Ovo cuts energy prices: will big six follow?
Filed under: Utilities
But is this a sign of things to come?
Cut your bills
The price drop is certainly welcome. Any saving is always a bonus, and after years of ever-increasing prices it feels like a blessed relief. However, the experts are warning that we shouldn't get too carried away.
Cut your bills
In contextFor a start, this may be a cut, but prices are still stratospheric across the board. In general the cheapest deals on the market are £24 a year more expensive than they were in January this year. Even after the cut, Ovo's prices are up £27 from January.
What we are seeing is a slight easing of pricing pressure, and the energy companies jostling slightly for a tiny sliver of pricing advantage. Mark Todd, director at independent price comparison service Energyhelpline.com, said: "We have seen a big shake up of the best deals league table, where the larger suppliers are all dropping their prices to compete and gain new customers. Whilst six months ago, smaller players like first:utility and Ovo dominated the cheapest prices, they have been pushed down the list and don't even make the top five."
"This price cut by Ovo is clearly an attempt to muscle in with the bigger suppliers to offer the best deals. Competition between suppliers to win new customers is higher than ever."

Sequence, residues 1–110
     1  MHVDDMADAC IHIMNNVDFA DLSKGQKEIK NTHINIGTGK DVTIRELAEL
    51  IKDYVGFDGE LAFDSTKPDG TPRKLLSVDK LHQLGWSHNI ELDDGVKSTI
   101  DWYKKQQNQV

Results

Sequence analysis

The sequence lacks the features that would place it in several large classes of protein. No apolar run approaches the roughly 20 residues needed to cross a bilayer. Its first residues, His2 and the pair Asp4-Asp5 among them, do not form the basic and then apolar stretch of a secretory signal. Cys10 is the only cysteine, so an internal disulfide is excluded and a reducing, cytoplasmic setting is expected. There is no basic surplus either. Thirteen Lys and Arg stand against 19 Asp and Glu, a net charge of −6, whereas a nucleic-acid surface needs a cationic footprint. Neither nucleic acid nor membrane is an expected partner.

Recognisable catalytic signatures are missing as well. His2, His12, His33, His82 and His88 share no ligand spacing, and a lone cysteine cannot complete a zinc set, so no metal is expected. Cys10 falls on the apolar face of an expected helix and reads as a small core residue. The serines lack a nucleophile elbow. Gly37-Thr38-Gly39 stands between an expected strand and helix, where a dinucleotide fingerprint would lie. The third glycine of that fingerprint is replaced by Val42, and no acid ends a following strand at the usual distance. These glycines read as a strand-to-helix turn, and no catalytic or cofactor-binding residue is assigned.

What next?Unfortunately he doesn't see the future of energy prices as a continual downward path - far from it. He says: "The energy market is really volatile at the moment and whilst wholesale prices have been in slight decline lately, the tide could easily turn and consumers should be prepared for possible rises in the run up to winter."
He highlighted a number of forces at work in the market pushing prices up. Perhaps the most overwhelming is that wholesale prices rose so much at the beginning of the year. Added to that is Germany and Japan consuming more gas as they switch off nuclear power stations post-Fukushima disaster - which is only going to push the price up further. Then there is the cost of replacement of old UK energy infrastructure to factor in, and the increasing stealth taxes from the Government to fund green measures.
On the flip side, slow economic growth across the world is keeping a lid on prices, and bills did come down very slightly this spring. If the Euro collapses we could see big falls. However, if the currency clings on, Todd says the only way is up for energy prices.
Current best deals1. EDF Blue + Price Promise September 2011. Average cost £1,054
2. Scottish Power Online Energy Saver 19. Average cost £1,055
3. Sainsbury's Energy Online Price Freeze June 2013. Average cost £1,058
4. npower Bill Saver August 2013. Average cost £1,061
5. npower Energy Online October 2013. Average cost £1,064
6. OVO Energy New Energy Fixed. Average cost £1,088